I have generated my own SSL certificate for a web server on the internet, however this was for three reasons:

  1. Fun
  2. Not wanting to buy an SSL certificate
  3. Trying to get an A rating (excluding trust issues) on SSL Labs SSL Test.

However, now that I've learnt a bit more about SSL (I am by no means an expert, novice at best) I understand that although the server has a certificate this does not circumvent the possibility of man in the middle attacks

I realise I could just create a new self signed certificate, but given that I have access to the server, and based on this question regarding fingerprints, I was wondering if it is possible to verify the certificate and key on the server I have against the fingerprint I receive in my browser?

Basically is it possible for me to view the fingerprint on the server and then compare it to the one received in browser?


Based on Maarten Bodewes answer, I ran the following using my .crt file instead of a .pem

# openssl x509 -in mywebsite.com-selfsigned.crt -outform DER -out ~/mywebsite.com-selsigned.crt

calculated my sha1sum

# sha1sum mywebsite.com-selfsigned.crt XXXXXXXXXXXXXXXXXXXXXXXXXXXXXXXXXXX mywebsite.com-selfsigned.crt

And then checked my Sha1Fingerprint according to the answer provided by John Wu, and the two fingerprints are exactly the same. Perfect!

  • 7
    Just a tip, Let's Encrypt will issue you valid and trusted SSL certs for free if you have a domain. It can even autoconfigure your server so that you get an A rating, though I guess that might take some of the fun out of it :)
    – tlng05
    Jun 21, 2016 at 23:03
  • 2
    Could you elaborate on what you meant by does not completely protect the traffic between my browser and my server from being intercepted? Jun 22, 2016 at 1:36
  • 1
    I guess 'completely protected' is the wrong description. I meant encrypted so as to avoid man in the middle attacks.
    – Gary
    Jun 22, 2016 at 7:40
  • The question title and the question content do not fit together. There is nothing with openssl verify in here.
    – Daniel W.
    Dec 20, 2018 at 14:42
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    Note if you connect to the server with SSH to get this fingerprint, SSH can also be MitMed unless you check its key fingerprint 'out of band' (using data not obtained by connecting to the server). Thus the fingerprint you get from the server could itself be fake, and lead you to trust a fake SSL/TLS cert. And of course no one besides you can use this method to trust your website at all. Feb 27, 2019 at 6:22

2 Answers 2


In case you have enough trust in the other connection to the server then yes, you can calculate the fingerprint over there and compare it to the one in the client. Basically the fingerprint is just a hash over the (binary encoded) certificate.

So for instance:

openssl x509 -in yourcert.pem -outform DER -out yourcert.cer

removes any ASCII armour / PEM encoding (if present), and a simple:

sha1sum yourcert.cer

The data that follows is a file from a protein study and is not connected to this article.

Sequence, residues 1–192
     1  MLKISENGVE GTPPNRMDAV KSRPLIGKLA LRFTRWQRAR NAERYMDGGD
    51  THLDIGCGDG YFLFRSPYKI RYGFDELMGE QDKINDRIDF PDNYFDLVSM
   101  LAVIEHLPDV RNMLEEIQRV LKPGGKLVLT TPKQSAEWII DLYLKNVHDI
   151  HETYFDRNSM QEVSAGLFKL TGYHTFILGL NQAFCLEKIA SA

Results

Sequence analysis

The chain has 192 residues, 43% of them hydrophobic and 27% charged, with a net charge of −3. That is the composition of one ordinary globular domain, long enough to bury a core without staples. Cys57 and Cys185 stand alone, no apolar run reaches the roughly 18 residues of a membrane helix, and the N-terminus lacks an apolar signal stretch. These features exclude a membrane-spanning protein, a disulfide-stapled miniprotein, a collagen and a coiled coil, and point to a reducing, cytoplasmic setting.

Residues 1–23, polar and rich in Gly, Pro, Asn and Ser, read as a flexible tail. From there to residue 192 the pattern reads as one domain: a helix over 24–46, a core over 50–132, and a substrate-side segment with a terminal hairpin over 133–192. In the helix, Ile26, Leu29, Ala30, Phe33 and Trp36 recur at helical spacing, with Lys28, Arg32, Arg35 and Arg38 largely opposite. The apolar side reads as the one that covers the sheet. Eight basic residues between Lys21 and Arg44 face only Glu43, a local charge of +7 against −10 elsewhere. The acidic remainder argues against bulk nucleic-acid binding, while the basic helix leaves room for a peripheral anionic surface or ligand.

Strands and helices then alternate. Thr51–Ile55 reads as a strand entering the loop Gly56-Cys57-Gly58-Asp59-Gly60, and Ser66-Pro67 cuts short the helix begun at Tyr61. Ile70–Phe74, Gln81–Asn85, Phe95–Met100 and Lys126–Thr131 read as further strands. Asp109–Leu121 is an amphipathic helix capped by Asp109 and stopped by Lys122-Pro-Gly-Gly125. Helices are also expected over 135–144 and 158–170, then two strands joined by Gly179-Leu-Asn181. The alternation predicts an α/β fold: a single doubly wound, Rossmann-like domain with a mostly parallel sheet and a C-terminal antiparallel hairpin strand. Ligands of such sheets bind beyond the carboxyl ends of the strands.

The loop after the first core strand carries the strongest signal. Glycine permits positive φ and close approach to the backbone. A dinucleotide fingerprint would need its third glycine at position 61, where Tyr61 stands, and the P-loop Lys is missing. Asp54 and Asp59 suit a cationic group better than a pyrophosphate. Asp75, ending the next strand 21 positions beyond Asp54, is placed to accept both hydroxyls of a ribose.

calculates the fingerprint.

Same for SHA-256 fingerprinting of course, in case your client supports that more secure hash algorithm.

Of course the general idea is that you can now trust the server at the client. The server should already trust its own certificate.

  • Oh yeah, the file command recognizes PEM certs, in case you need to script things. Jun 21, 2016 at 23:25
  • Also, I just sha1sum my certs and got a mis-match. (See update) Would I need to run openssl x509 -in yourcert.pem -outform DER -out yourcert.cer first?
    – Gary
    Jun 22, 2016 at 8:53
  • Although, I realise now I only have a .key and a .crt file....
    – Gary
    Jun 22, 2016 at 9:03
  • My apologies @Maarten Bodewes, I replaced the .pem with my .crt file and then ran a sha1sum on the certificate, and they match!
    – Gary
    Jun 22, 2016 at 9:06
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    Or in one step openssl x509 -in pemfile -noout -fingerprint [-$digest] (default is SHA1). Feb 27, 2019 at 6:19

Not sure if you mean manually or automatically.

Manually -- yes -- you can view the thumbprint of the certificate that reaches your browser, e.g. in Chrome you would right-click the part of the address bar to the left of the address, choose Details, View Certificate, and click on the details tab. The thumbprint is at or near the bottom.

Automatically -- yes -- just install the certificate on your desktop computer (double click the cert and follow the instructions) and the browser will trust it from that point forward. If one day you browse to your web site and you get an SSL warning, there was a cert mismatch, and someone is hacking you.

  • Does my browser automatically install the certificate or is this something I need to explicitly do? Otherwise I'm concerned that I may have fallen victim already...
    – Gary
    Jun 22, 2016 at 7:55
  • @Gary it is something you have to explicitly do. The final thing you could do is actually create a CA certificate and install that in the browser as a new root certificate then sign the server certificate with that one just like a CA would do.
    – ewanm89
    Jun 22, 2016 at 16:25
  • Aye, that's my next challenge. I was reading this last night before posting, but it sounds like I need to devote some serious time and resources. Not a five minute job! Thank you though.
    – Gary
    Jun 22, 2016 at 16:27

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